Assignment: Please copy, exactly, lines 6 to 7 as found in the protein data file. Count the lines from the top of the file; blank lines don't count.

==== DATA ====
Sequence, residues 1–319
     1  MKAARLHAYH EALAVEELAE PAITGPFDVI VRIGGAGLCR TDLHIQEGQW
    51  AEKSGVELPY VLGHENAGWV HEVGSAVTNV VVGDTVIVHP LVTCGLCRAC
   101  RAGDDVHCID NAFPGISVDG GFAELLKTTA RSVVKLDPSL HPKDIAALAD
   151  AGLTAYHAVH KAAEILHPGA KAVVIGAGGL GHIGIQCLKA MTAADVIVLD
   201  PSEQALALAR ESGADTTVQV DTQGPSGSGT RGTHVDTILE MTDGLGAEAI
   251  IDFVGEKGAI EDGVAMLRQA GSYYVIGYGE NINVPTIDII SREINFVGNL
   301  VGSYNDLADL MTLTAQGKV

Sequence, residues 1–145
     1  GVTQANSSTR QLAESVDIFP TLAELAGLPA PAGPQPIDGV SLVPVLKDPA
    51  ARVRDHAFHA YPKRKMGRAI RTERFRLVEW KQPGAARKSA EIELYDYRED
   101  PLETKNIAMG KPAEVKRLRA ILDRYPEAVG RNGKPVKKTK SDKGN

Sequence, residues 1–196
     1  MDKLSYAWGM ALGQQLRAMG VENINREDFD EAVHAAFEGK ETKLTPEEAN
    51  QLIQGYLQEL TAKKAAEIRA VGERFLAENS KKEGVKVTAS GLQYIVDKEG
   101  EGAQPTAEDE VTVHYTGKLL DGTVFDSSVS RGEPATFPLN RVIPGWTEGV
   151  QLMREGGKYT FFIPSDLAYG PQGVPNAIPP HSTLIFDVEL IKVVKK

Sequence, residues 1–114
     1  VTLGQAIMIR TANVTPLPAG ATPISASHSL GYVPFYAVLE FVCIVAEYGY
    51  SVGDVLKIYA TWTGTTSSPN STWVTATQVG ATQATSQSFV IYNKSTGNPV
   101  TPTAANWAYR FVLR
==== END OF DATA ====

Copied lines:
   201  PSEQALALAR ESGADTTVQV DTQGPSGSGT RGTHVDTILE MTDGLGAEAI
   251  IDFVGEKGAI EDGVAMLRQA GSYYVIGYGE NINVPTIDII SREINFVGNL